Every company has a perspective and expertise to share, but it’s vital they are directed into the right areas. A valued PR partner can help your company discern when – and if – they should be part of a conversation. Rather than chasing ’what’s hot right now’, time would be better spent establishing a well-defined perspective and understanding where your company can offer valued insights to the press. With a clearer understanding of what your company can’t discuss, you can be more effective in the conversations you do belong in.

“Potato!”

Ah, right, my two-year old wants that mash potato she didn’t finish earlier, I better go get it.

“No, potato”, she says again but pointing at her craft box.

“Oooh, you’re asking for your Play-Doh.”

I wasn’t listening intently enough, and instead heard what I wanted to hear – her wanting more of the wonderful meal I prepared, of course!

Miscommunication and misunderstanding are part and parcel of life. They happen often, and if corrected in good time, no big deal. But what happens when there’s a communication breakdown that is left unaddressed? The relationship breaks down too.

At the end of last year, I read a WSJ article based on a report from McKinsey that revealed nine out of 10 CEOs feel that marketing has a clearly defined role at their companies, yet only 22% of marketing leaders agree. And it’s down from 31% in 2019.

This gap is significant and is likely largely down to assumptions and misaligned expectations. And why the widening of this gap? It’s been a tough economic climate and when there’s pressure, there’s more scope for misunderstanding and miscommunication.

An analysis in the report also found that “C-suite leaders, with scant to no experience in marketing, reach out to the department hoping to find growth drivers in a very mixed economy.” This sentiment is backed by the fact that only 10% of CEOs at Fortune 250 companies have worked in marketing.

The ‘understanding gap’

C-Suite leaders don’t actually need first-hand experience or an in-depth understanding of marketing operations, but the CMO does need to understand exactly what the CEO requires. And then deliver it. This ‘understanding gap’ worsens when expectations are not made clear.

An ‘understanding gap’ can also turn into an ‘appreciation gap’, and this is where frustration festers which doesn’t bode well for anyone, or the wider organisation. If a relationship isn’t based on mutual respect, then it’s not a functional relationship.

Getting on the same page

1. Listening, and I mean really listening

I will never forget delivering training on ‘active listening’ to a team member, who then said, “this is a bit basic”. Yes, it is basic, but active listening is actually harder than you think. You may believe you’re doing it by listening, staying quiet, nodding your head and maybe even repeating back what you heard. But have you done it with self-awareness and empathy, making sure to pick up on other subtle cues to ensure the speaker feels truly listened to?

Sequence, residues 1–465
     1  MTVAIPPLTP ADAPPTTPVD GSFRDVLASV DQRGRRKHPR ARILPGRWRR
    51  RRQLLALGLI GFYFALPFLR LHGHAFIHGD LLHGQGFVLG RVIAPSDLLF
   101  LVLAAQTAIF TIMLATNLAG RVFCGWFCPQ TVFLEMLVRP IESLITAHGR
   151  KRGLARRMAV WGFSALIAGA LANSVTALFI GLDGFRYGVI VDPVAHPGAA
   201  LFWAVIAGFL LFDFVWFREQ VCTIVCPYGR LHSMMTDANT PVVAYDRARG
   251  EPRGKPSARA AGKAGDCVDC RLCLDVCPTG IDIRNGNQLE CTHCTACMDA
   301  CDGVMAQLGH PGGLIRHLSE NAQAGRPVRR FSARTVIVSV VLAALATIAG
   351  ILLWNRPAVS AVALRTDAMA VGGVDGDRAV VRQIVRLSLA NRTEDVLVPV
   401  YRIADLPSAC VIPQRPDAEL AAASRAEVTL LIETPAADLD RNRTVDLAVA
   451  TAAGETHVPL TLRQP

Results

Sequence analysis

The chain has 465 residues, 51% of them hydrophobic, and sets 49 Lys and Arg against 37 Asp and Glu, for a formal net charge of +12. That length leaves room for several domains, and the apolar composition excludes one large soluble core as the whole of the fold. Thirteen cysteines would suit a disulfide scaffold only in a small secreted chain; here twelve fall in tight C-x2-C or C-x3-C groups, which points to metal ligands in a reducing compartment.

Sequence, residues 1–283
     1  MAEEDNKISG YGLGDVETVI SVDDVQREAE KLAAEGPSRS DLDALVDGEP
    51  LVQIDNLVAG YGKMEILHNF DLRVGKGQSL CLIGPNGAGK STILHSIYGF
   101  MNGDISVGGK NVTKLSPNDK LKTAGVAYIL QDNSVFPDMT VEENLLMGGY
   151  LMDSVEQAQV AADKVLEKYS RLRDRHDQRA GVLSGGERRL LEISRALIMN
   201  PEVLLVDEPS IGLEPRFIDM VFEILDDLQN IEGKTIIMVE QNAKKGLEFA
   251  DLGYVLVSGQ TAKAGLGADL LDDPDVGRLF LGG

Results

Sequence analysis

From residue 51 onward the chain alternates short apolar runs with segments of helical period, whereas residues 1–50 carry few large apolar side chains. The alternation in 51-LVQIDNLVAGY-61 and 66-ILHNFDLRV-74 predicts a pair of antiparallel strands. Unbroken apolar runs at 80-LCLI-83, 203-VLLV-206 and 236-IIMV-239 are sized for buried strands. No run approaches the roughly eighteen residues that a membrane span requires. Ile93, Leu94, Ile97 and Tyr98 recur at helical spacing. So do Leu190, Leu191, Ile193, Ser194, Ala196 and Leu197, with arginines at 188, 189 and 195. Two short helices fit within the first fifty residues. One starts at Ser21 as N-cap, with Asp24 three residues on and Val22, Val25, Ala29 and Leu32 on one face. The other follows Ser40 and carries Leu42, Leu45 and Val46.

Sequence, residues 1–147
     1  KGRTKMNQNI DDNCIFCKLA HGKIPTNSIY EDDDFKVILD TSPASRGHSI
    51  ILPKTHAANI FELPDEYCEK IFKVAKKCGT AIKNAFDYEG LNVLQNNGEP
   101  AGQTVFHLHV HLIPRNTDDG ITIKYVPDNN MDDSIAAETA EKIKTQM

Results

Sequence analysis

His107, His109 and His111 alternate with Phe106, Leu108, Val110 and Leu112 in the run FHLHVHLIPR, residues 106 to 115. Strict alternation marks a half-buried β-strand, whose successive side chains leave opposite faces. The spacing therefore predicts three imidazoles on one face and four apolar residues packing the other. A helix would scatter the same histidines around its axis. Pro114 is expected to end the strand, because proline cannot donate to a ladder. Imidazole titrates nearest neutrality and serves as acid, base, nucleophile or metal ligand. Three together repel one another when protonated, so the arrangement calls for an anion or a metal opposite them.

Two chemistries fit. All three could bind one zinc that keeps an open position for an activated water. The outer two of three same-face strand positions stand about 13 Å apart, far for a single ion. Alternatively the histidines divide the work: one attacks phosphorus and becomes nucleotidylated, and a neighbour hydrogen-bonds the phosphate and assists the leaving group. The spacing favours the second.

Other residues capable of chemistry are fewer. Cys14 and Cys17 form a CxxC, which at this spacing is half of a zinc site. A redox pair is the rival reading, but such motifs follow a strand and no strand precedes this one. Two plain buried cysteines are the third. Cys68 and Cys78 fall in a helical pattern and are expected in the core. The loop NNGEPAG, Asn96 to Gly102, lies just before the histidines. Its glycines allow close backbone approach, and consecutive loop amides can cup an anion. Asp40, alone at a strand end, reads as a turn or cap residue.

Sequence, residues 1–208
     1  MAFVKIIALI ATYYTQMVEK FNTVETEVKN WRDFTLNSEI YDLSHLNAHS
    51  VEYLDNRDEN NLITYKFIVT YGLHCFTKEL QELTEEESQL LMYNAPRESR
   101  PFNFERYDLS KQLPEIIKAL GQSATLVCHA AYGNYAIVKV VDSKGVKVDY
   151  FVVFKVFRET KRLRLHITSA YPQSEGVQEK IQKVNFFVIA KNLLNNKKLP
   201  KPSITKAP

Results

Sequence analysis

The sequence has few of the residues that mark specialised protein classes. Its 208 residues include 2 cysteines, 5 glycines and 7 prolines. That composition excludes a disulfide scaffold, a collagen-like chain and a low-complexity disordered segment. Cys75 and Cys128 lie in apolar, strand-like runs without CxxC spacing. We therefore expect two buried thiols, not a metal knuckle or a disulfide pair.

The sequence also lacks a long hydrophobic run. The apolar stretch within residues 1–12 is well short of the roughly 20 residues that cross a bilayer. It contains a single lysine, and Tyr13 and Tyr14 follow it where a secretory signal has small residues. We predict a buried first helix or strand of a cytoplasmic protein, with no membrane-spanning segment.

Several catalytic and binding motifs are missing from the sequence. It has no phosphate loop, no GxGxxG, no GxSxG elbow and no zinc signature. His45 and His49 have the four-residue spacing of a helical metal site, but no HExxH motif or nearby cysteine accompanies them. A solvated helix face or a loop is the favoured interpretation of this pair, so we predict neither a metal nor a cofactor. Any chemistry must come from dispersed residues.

You can hear, or you can actively listen. I heard potato, I responded. Had I actively listened – listening attentively to my daughter, really looking to understand what she was saying, paying attention to verbal and nonverbal cues – maybe I would’ve given her what she was asking for.

Of course, that’s not a high stakes scenario. But when the consequences are major, active listening becomes so incredibly important, not only so a situation is crystal clear in your mind, but also for trust and respect.

2. Clarifying/Replaying

Clarification is part of active listening and is the best way to proactively ensure everyone is on the same page. It’s not just about repeating back a point either, it’s about rephrasing it or re-contextualising it, or even asking further questions around it, to be certain that what’s being said is clear and understood.

And be mindful, the person you’re clarifying with may not be actively listening, so how do you navigate that? You clarify and replay in multiple ways to catch misunderstandings early. For example, in the moment or maybe after the meeting in written form.

3. Atmosphere of collaboration

Good collaboration starts with judgement-free exchanges of ideas and insights. In fast-paced environments, pausing and having moments of reflection can be hard to squeeze in, but they become an important part of staying aligned and fostering strong collaboration.

Defining clear roles and responsibilities enables fast progress in-between these moments of pause, particularly when it comes to streamlining decision-making processes. By leveraging respective areas of expertise, CEOs and CMOs combine their super-powers to drive growth, enhance brand reputation, and capitalise on market opportunities.

Effective communication is not just a matter of exchanging words; it’s about truly understanding and aligning with one another. My “potato” incident illustrates how easily miscommunication can occur even in seemingly simple interactions. However, when miscommunication happens in professional settings, the consequences can be far-reaching, leading to strained relationships and hindered organisational growth.

The worrying widening gap between CEOs’ perception of marketing’s role and marketing leaders’ perspectives highlights the importance of actively working to bridge understanding and appreciation gaps within organisations. The market is still a little volatile and now more than ever we should be investing in relationships which are critical for our organisation’s success.